Well-established technologies and methods such as extracorporeal membrane oxygenation (ECMO) are available at University Hospital in addition to clinical trial and research options. The ECMO program can perform lung, heart and kidney functions for infants who are in between surgeries or are recovering from procedures. In some cases, surgeries can be performed while the infant is still utilizing ECMO.

Additional technology at University Hospital is used to encourage bonding between premature infants and their parents. Mothers who are ill after birth may not be able to visit their infants from the ICU, and others may have a difficult time returning to work while their infant continues to receive treatment in the NICU. Technologies like Angel Eye and Baby Chat allow mothers to see their children no matter where they are.

“We have nurses that are trained with the technology,” Dr. Blanco says. “Mothers can take pictures and watch their children through cameras placed above infants’ beds. The technology is available 24/7 — so long as infants aren’t undergoing additional procedures — and parents can log in securely using a password wherever they are.”


The Neonatal Intensive Care Unit at University Hospital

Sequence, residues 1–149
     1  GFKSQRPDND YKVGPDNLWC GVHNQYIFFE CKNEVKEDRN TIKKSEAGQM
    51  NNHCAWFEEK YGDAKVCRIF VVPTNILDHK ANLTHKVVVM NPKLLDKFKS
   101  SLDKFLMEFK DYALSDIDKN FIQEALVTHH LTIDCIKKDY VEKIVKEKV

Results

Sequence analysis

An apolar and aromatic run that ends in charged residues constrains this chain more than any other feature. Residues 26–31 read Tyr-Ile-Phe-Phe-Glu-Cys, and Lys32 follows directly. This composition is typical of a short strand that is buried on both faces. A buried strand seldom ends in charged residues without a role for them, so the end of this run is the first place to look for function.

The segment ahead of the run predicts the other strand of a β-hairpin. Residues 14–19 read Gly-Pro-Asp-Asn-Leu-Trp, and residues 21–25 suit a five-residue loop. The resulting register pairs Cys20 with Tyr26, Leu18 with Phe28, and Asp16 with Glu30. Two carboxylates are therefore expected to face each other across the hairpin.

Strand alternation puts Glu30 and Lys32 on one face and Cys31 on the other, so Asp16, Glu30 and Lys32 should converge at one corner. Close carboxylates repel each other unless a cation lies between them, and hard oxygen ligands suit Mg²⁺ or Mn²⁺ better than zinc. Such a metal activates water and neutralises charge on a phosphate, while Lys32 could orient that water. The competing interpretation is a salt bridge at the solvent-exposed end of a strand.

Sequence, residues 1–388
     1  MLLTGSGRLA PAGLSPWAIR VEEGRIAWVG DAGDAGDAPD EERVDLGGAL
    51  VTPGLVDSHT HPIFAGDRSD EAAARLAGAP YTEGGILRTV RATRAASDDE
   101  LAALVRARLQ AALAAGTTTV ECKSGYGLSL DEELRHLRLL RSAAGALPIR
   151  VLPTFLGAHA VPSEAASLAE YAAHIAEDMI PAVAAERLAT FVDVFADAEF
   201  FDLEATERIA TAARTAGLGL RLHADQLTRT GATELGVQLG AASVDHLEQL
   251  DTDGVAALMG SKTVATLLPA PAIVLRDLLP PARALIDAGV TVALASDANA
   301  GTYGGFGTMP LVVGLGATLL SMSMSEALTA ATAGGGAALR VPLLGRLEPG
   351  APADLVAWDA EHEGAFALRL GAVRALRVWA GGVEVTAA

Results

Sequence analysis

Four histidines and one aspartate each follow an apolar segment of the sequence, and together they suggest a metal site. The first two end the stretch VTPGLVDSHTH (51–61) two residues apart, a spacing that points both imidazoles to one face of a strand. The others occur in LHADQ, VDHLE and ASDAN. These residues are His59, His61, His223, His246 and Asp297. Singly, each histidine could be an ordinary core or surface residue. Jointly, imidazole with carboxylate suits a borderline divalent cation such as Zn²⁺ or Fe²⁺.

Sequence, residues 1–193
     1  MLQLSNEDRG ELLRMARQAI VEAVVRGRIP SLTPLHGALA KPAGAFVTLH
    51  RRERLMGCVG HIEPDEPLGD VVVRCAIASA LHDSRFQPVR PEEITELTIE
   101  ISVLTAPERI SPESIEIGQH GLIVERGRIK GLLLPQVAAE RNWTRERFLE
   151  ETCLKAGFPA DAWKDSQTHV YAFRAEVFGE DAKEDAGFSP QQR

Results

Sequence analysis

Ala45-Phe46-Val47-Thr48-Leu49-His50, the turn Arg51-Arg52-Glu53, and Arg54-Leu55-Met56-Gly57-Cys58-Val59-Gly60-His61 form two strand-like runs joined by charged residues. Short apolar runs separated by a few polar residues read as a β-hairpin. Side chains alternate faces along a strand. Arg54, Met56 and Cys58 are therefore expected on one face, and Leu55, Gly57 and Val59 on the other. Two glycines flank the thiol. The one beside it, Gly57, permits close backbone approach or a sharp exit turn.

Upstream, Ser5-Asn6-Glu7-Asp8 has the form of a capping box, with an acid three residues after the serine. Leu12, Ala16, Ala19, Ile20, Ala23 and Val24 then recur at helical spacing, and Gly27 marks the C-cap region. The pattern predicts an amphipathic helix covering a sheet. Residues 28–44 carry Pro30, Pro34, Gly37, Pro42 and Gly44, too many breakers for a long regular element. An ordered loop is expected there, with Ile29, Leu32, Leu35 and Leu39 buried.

Transport and Community Outreach

The Neonatal Transport Team at University Hospital has access to customized air and ground vehicle transportation. Dr. Blanco describes the custom ambulance as “a NICU on wheels.” These vehicles contain ventilators, life support and more to provide treatment for infants as they are being moved from hospitals throughout Texas to University Hospital. In addition to transporting patients to and from University Hospital, these transports are also used to provide support to communities with lower level NICUs.

“State guidelines state that we need to do outreach by providing support and education,” Dr. Blanco says. “We have a robust teaching program with simulation that can be used at other facilities, and we’ve been doing this type of outreach for over a decade.”


University Health System’s Neonatal Transport Team

Building for Tomorrow

When infants are discharged from University Hospital, the NICU Graduate Clinic and PREMIEre Program continue to address their needs with specialized care. The NICU Graduate Clinic offers follow-ups for infants during their first two years of life, and the PREMIEre Program follows infants with risk of developmental delays, providing evaluations every three to six months for neurologic and developmental issues. University Hospital encourages patients and families to stay involved with the NICU program long after treatment is over.

“Our 36th annual NICU PREMIEre reunion is happening this year,” Dr. Blanco says. “We have former patients who are in college or professional careers now who still attend.”

The University Hospital NICU cares for about 700 infants from throughout Texas every year. A recently announced expansion includes the creation of a 250-bed Women and Children’s Tower that will house a larger NICU and provide more services for infants and families under one roof. The Women and Children’s Tower is expected to open in 2022.


For more information about University Hospital’s NICU, visit universityhealthsystem.com/services/pregnancy-childbirth/nicu, or call 210-358-TALK (8255).